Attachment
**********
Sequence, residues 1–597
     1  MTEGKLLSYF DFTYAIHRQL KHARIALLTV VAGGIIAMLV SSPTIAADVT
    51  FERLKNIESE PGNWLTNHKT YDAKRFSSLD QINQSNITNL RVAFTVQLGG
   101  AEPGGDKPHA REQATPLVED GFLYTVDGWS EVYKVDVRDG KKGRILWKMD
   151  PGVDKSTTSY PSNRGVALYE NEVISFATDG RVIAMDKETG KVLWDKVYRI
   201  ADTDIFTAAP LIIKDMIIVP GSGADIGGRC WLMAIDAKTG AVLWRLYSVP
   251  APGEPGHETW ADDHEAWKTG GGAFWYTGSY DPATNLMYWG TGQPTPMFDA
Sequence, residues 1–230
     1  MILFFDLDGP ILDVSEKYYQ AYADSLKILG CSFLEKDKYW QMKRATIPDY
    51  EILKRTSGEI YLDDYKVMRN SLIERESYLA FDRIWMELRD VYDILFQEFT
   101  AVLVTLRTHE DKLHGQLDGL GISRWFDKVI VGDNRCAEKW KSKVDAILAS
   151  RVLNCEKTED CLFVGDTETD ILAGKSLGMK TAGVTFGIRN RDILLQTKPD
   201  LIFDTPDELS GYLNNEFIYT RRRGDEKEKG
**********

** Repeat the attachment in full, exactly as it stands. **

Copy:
Sequence, residues 1–597
     1  MTEGKLLSYF DFTYAIHRQL KHARIALLTV VAGGIIAMLV SSPTIAADVT
    51  FERLKNIESE PGNWLTNHKT YDAKRFSSLD QINQSNITNL RVAFTVQLGG
   101  AEPGGDKPHA REQATPLVED GFLYTVDGWS EVYKVDVRDG KKGRILWKMD
   151  PGVDKSTTSY PSNRGVALYE NEVISFATDG RVIAMDKETG KVLWDKVYRI
   201  ADTDIFTAAP LIIKDMIIVP GSGADIGGRC WLMAIDAKTG AVLWRLYSVP
   251  APGEPGHETW ADDHEAWKTG GGAFWYTGSY DPATNLMYWG TGQPTPMFDA
Sequence, residues 1–230
     1  MILFFDLDGP ILDVSEKYYQ AYADSLKILG CSFLEKDKYW QMKRATIPDY
    51  EILKRTSGEI YLDDYKVMRN SLIERESYLA FDRIWMELRD VYDILFQEFT
   101  AVLVTLRTHE DKLHGQLDGL GISRWFDKVI VGDNRCAEKW KSKVDAILAS
   151  RVLNCEKTED CLFVGDTETD ILAGKSLGMK TAGVTFGIRN RDILLQTKPD
   201  LIFDTPDELS GYLNNEFIYT RRRGDEKEKG